To stay in shape during the winter we work out in the “gym”. The exercise machine is rather low tech, consisting of a 6 pound metal weight fastened to the end of a stick. You swing the 6 pound weight and smash it into a piece of wood, making the wood split in two. It is entertaining and satisfying being able to watch big hunks of wood fly apart while you work out swinging the weight on the stick to get your heart rate up, tone up your muscles and burn the fat. We like our work out machine better than the high tech do nothing exercise machines with their fancy electronic readouts. Not only does it provide entertainment and a feeling of satisfaction as you work out, it will also give us a warm feeling next winter when it is cold – something one of those fancy do nothing machines in the gym can’t do.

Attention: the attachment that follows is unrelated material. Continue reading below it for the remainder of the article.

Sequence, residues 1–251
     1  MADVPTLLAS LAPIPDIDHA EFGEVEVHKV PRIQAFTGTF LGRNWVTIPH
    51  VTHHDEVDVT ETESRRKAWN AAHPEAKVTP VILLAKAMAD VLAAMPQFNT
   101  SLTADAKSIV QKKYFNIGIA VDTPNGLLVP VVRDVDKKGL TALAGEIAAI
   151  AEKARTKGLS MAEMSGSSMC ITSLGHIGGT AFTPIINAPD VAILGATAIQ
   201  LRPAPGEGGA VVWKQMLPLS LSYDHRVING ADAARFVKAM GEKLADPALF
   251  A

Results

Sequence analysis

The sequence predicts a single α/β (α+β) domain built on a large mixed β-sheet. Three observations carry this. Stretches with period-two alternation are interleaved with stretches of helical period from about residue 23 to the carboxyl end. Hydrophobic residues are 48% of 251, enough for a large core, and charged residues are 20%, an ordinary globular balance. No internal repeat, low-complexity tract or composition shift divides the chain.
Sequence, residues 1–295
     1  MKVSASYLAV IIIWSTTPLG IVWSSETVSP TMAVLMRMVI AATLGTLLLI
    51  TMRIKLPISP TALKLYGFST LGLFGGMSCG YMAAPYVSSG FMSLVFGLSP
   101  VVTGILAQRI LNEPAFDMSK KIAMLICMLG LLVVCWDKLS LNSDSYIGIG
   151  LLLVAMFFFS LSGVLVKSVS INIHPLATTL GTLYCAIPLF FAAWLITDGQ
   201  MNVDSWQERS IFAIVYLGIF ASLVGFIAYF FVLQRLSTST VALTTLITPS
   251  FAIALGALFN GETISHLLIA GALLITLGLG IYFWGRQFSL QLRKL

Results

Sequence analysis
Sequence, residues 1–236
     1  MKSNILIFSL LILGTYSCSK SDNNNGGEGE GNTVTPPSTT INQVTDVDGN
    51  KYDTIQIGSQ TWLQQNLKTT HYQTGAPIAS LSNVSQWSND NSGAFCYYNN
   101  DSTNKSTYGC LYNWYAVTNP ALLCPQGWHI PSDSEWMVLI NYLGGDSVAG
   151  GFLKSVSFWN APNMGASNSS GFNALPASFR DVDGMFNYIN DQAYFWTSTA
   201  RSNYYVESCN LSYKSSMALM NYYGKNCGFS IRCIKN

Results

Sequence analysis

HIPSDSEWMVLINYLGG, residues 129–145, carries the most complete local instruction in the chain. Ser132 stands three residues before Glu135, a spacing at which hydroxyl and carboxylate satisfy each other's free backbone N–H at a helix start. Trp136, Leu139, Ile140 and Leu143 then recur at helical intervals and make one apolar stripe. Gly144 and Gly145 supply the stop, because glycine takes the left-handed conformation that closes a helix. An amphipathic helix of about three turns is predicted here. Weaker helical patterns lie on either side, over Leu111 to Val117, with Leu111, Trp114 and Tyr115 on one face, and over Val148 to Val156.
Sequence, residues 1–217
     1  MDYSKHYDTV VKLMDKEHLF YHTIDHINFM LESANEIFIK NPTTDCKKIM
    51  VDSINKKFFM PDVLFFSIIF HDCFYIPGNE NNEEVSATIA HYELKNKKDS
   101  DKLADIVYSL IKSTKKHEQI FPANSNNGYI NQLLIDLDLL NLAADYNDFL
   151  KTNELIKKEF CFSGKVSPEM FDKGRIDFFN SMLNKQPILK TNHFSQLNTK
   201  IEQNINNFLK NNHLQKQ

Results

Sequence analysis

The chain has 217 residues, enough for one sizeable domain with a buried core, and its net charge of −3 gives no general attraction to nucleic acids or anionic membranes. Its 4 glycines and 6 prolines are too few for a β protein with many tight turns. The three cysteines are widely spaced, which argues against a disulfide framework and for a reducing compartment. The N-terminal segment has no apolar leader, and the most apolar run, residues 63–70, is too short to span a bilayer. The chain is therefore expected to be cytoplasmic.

So why would we split wood by hand while the wood splitter sits unused in the background? We do use the wood splitter on the harder to split pieces, but we have a lot of straight grained oak wood that splits easy. I timed one of the boys and he made 12 pieces of firewood in 60 seconds with a splitting maul and he was not trying to see how fast he could go. It is much faster than the wood splitter on easy to split wood. Notice how the chunks of wood are set up in rows. We start with a chunk of wood closest to us. We split that one and move to the next and then the next. You can split wood as fast as you can swing the splitting maul. Forget the old chopping block. It takes too long to only set up and split only one piece of wood at a time. We also dislike an 8 pound splitting maul because it tires us out too fast. A 12 pound maul is even worse.